A new giant virus found in the waters of Oahu, Hawaii
Researchers at the Daniel K. Inouye Center for Microbial Oceanography: Research and Education (C-MORE) at the University of Hawai'i (UH) at Mānoa have characterized a new, unusually large virus that infects common marine algae. Found in the coastal waters off Oahu, Hawai'i, it contains the biggest genome ever sequenced for a virus infecting a photosynthetic organism.
"Most people are familiar with viruses," said Christopher Schvarcz, the UH Mānoa oceanography graduate student who led the project as part of his doctoral dissertation, "because there are so many that cause diseases in humans. But we are not alone; even the microscopic plankton in the ocean are constantly battling viral infections."
Much of the phytoplankton that grows in the ocean every day gets eaten, thereby sustaining animals in the marine food web. It is common, however, for viral infections to spread through populations of phytoplankton. When this happens, the infected phytoplankton cells disintegrate and are decomposed by bacteria, diverting that food source away from the animals.
"That sounds bad," said Grieg Steward, professor in the UH Mānoa Department of Oceanography and co-author on the study, "but viruses actually help maintain balance in the marine ecosystem. Viruses spread more efficiently through highly concentrated populations, so if one type of phytoplankton grows faster than the others and starts to dominate, it can get knocked down to lower levels by a viral infection, giving the other species a chance to thrive."
Viruses have to replicate inside of cells, putting some constraints on how big they can be, but the known upper size limit of viruses has been creeping upward over the past 15 years as researchers have focused on finding more examples of what are now referred to as "giant" viruses.
The virus described by Schvarcz and Steward in their recent paper in the journal Virology was named TetV-1, because it infects single-celled algae called Tetraselmis. After sequencing its genome, Schvarcz discovered that the virus has a number of genes that it seems to have picked up from the alga it infects. Two of these appear to code for enzymes involved in fermentation, which is a process used by microorganisms to get energy from sugars in the absence of oxygen. Fermentation is familiar to many of us, because it is the key to making beer, wine, and spirits. Why would a virus need these genes? The authors don't know for sure, but they have a guess.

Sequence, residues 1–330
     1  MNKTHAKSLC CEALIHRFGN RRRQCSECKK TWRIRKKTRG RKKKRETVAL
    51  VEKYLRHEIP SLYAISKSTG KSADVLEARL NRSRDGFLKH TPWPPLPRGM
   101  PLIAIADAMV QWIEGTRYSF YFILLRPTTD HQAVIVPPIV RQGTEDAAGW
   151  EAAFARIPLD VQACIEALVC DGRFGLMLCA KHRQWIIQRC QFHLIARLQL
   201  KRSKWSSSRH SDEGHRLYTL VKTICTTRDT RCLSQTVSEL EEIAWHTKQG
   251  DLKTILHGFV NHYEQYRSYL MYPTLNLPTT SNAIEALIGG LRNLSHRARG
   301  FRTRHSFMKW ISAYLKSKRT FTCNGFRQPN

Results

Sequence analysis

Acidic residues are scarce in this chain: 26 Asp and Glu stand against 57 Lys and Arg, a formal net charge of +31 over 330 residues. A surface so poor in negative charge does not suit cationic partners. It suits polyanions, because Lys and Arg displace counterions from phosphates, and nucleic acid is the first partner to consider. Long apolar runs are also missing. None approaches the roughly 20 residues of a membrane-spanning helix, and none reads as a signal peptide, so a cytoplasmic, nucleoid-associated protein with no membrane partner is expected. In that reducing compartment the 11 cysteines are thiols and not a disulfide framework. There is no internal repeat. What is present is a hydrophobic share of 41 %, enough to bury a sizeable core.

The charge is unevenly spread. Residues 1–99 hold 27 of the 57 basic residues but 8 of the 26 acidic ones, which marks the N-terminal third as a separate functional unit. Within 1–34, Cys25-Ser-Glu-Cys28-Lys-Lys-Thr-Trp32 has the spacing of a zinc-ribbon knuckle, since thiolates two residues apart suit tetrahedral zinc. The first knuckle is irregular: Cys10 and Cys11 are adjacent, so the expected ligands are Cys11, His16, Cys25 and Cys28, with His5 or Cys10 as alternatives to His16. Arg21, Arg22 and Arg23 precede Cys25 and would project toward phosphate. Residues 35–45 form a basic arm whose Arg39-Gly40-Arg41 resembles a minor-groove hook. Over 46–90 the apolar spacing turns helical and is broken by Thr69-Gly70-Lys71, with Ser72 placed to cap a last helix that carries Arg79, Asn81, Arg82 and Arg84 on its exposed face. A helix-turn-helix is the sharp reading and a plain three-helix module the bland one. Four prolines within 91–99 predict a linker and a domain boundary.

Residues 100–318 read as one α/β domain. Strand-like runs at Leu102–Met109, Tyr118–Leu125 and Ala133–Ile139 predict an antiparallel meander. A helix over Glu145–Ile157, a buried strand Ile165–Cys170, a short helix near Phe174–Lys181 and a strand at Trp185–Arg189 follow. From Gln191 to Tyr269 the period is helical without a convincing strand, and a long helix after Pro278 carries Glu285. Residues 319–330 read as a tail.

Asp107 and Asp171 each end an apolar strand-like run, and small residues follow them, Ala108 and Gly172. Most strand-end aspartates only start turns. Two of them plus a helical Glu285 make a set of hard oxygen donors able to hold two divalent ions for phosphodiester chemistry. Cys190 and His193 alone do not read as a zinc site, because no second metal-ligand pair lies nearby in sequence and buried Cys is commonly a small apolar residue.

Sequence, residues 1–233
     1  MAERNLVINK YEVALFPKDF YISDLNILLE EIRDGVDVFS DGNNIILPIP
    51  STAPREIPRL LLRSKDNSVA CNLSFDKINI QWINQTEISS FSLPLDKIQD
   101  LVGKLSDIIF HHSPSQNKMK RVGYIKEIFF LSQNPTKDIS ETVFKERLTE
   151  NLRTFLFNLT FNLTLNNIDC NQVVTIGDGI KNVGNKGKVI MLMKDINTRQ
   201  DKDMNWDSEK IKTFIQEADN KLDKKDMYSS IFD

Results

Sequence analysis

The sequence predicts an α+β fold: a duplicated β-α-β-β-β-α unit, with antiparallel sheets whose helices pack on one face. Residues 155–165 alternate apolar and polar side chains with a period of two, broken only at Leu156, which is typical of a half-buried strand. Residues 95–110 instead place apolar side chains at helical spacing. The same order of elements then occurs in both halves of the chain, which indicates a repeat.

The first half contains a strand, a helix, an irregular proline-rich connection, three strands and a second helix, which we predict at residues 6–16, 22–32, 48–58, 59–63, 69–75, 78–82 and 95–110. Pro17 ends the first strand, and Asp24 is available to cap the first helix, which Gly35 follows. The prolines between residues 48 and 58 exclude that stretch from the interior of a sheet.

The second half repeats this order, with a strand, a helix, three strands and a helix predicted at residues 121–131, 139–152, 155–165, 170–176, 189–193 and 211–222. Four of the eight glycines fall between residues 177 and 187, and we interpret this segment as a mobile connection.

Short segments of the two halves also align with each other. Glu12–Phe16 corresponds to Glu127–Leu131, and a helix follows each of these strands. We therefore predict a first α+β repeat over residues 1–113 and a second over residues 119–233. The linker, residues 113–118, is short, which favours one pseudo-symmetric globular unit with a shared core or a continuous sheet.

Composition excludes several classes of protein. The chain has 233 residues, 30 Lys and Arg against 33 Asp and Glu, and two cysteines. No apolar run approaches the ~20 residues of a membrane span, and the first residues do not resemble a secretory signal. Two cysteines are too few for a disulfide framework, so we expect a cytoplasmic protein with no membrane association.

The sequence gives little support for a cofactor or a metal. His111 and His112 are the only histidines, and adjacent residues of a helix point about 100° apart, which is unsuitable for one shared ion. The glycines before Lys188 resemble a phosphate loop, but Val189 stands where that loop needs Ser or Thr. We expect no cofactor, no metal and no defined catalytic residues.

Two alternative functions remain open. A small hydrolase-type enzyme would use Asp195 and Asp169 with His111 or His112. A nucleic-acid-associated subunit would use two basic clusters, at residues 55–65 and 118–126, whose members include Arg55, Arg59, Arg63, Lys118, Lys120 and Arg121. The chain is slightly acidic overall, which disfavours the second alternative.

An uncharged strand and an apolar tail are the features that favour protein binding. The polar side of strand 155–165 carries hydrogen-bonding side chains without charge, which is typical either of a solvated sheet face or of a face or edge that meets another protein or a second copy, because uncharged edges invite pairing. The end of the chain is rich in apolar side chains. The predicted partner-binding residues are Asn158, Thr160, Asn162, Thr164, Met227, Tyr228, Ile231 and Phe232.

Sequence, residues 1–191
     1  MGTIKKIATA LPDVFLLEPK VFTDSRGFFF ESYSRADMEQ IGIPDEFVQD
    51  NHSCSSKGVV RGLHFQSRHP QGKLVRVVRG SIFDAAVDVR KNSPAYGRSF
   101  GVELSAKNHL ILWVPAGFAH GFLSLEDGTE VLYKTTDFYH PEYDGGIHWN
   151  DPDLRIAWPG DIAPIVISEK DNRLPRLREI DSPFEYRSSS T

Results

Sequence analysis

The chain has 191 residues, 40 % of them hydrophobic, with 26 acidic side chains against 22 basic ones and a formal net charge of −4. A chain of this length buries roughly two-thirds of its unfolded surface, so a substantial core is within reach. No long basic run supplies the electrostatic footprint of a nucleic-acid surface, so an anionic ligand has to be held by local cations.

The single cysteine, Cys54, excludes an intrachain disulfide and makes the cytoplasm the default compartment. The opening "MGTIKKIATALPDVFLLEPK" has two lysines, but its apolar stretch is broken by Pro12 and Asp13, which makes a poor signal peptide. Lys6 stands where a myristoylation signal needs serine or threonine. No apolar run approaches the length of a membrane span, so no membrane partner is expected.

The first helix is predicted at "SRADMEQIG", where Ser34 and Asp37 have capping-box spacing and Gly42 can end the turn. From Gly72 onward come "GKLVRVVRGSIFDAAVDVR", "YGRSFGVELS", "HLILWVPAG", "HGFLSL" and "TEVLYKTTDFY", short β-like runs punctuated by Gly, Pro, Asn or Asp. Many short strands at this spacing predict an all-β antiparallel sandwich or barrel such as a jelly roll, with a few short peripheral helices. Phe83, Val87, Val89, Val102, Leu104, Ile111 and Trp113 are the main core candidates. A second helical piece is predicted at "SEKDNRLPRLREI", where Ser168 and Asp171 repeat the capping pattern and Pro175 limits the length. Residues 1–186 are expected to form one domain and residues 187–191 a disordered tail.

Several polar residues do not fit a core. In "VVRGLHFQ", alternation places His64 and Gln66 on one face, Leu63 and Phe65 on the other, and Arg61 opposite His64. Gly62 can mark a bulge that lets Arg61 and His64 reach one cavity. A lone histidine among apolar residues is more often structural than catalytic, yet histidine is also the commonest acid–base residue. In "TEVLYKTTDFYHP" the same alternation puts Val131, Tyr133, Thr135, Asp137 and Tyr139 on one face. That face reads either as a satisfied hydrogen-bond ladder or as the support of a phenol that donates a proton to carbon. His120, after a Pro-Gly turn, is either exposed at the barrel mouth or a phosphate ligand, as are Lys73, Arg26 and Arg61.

"Tetraselmis can grow to extraordinarily high concentrations in coastal waters," explains Schvarcz, "turning the water from clear blue to an intense green. If TetV were to spread under those conditions, huge numbers of cells would succumb to viral infection. Bacteria would immediately begin decomposing the dead algae and quickly use up all the oxygen in the water. We think that the fermentation genes in TetV may allow the virus to maintain its energy flow under low oxygen conditions even as it shuts down the host cell systems."
Schvarcz and Steward plan to conduct field and lab experiments to test whether this idea is correct. Tetraselmis is used as a food source for aquaculture and as a source of starch for the biofuel industry, so the authors speculate that understanding exactly how TetV manipulates the metabolism of its host might have some practical applications. The ability of TetV to inject DNA into these cells might be exploited, for example, to reprogram the algae to make more of a desired product.
"We have more to learn about this particular virus," mused Steward "and its just one example plucked from an ocean that has millions of them floating in every teaspoon."
Considering the numbers, it seems certain there are many more unusual viruses waiting to be discovered just under the next wave.